Rob Coache is singer/songwriter and guitarist for The High Wire Act.
"I found out about Tonic at the Portsmouth International Kite Festival where they were hosting a stall to raise awareness about mental health and the groups and activities they have to offer. It couldn't have come along at a better time in my life for me!
"I had just completed a drug and alcohol rehab and have suffered from anxiety, bouts of depression, and a lot of self-doubt over the past 20 years. Steph and everyone running the stall were so friendly, comforting, and welcoming, and it put me at ease, so I started to ask some questions.
"This combined with a love of all types of music and art has proven to be a truly winning combination for me the past year. I started to attend the art and then later music groups and found them to be very fun, but most importantly great for my self worth.
"I have met some amazing people at these groups and made some strong friendships with people who can understand some of the feelings I get. It feels like an extended family to me. The groups were thoroughly enjoyable and we have created some outstanding art and music together which I believe has a truly positive effect on the way I think and feel.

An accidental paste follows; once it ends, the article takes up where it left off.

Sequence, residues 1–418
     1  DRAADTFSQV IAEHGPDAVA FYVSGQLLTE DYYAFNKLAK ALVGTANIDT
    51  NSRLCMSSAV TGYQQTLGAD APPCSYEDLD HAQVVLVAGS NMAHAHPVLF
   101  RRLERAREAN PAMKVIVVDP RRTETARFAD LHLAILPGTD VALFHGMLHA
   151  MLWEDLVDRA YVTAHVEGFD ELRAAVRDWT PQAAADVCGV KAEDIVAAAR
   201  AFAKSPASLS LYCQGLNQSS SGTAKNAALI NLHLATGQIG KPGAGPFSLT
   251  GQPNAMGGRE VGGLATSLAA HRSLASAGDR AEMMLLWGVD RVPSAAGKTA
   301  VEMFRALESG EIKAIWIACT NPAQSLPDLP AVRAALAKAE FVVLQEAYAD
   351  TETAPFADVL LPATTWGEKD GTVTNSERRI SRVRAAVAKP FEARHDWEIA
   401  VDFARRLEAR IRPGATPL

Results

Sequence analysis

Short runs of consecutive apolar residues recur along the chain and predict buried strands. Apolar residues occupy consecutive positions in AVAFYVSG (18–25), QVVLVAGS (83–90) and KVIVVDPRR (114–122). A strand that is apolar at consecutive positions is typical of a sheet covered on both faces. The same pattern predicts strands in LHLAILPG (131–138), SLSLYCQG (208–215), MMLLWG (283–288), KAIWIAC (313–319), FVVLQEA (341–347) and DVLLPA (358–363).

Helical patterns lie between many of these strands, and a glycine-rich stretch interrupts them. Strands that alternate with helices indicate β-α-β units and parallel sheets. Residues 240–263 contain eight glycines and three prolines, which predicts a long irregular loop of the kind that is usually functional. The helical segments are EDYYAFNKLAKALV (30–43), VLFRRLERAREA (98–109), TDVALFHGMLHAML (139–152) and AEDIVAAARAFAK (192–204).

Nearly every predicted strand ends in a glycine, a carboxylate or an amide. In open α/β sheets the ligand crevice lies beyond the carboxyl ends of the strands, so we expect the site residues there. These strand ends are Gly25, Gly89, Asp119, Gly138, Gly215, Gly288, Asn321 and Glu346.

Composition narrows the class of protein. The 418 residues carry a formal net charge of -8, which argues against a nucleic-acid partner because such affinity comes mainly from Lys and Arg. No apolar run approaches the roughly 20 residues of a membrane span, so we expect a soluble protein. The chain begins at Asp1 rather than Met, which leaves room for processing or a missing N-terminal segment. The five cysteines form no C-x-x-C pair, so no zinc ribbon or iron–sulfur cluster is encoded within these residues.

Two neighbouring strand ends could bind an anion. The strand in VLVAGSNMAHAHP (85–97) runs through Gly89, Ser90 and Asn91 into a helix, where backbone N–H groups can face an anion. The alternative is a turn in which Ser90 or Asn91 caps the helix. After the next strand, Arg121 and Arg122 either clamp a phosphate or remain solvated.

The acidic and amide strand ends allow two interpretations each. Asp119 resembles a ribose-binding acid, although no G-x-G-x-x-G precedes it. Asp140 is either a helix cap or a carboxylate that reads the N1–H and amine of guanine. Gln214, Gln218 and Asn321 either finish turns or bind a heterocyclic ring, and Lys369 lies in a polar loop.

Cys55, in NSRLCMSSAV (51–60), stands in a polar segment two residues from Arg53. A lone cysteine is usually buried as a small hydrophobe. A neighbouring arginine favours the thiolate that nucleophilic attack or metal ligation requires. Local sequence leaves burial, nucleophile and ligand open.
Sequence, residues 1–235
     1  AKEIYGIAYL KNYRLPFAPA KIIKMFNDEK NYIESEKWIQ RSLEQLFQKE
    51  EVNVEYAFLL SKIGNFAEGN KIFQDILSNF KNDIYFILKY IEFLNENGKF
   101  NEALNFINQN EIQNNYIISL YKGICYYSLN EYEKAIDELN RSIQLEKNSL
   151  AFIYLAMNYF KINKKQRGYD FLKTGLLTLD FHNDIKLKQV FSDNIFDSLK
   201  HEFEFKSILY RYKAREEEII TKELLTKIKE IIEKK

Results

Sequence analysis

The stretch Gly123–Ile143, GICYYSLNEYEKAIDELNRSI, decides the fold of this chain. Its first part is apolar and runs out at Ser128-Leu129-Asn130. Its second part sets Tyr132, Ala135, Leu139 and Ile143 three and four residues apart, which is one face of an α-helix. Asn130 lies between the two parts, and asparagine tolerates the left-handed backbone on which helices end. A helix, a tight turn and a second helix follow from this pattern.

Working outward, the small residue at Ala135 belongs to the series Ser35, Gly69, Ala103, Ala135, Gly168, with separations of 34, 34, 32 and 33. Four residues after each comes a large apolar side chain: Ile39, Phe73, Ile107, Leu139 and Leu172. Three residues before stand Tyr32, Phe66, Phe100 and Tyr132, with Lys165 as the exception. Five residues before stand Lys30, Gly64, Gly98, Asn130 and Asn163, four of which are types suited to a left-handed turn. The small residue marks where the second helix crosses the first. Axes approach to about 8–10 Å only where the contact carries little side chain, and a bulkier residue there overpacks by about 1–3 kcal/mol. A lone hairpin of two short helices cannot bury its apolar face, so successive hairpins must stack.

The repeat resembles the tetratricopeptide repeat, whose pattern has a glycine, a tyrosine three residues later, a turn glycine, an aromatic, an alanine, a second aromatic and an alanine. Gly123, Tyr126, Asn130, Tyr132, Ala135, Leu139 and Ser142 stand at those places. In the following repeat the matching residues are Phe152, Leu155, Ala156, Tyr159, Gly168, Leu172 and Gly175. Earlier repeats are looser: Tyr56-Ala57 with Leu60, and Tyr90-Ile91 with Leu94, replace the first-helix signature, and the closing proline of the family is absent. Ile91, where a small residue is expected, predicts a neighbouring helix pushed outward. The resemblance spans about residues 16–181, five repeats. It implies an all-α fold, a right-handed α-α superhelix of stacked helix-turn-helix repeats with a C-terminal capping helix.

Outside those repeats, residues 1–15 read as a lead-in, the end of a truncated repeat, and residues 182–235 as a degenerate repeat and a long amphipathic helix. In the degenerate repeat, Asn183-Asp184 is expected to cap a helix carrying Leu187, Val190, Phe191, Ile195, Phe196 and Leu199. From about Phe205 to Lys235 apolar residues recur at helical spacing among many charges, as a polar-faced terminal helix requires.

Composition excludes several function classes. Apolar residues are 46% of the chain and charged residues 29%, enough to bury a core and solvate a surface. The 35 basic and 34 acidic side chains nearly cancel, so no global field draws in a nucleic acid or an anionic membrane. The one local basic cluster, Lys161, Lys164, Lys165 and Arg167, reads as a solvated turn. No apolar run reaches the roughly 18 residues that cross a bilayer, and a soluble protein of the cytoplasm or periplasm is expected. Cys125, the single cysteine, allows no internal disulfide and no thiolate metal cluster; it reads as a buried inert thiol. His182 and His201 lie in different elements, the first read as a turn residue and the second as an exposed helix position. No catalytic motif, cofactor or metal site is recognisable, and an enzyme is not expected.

"Tonic has given me an outlet to talk about my problems with people I can trust, and any advice I have received has always been a great help. I get as much help from Tonic as I have done from any other service I have engaged with and in many cases more so.
"I feel that my personal development has vastly improved with the confidence they have helped to rebuild in me. They have massively helped me build a road to a ‘normal’ and successful life, and I feel privileged to be a part of it."
"I think it’s a really good idea to use music as a way to help people with mental health problems 'cause I know people who have suffered with mental health problems and love music so the two different aspects are really close to me."
"To me Tonic is about inclusion and embracing everybody that comes to the workshops and the gigs. It doesn’t matter if you turn up and can create something amazing and can create amazing music. It's about coming and being there and being with the people."
"I have been involved with Tonic for the last four years as my son who is both dyspraxic and suffering from mild depression was invited to a music workshop by the charity. Through music he has found a healthy channel for his frustrations and difficulties and was able to develop his music skills increasing his self esteem and self confidence.
"I am convinced that music and the role he has played as a helper and fundraiser for Tonic has reduced drastically his need for treatment and medical intervention. He is now going to university to study music and is considering using the skills that Tonic has developed to train as a musical therapist."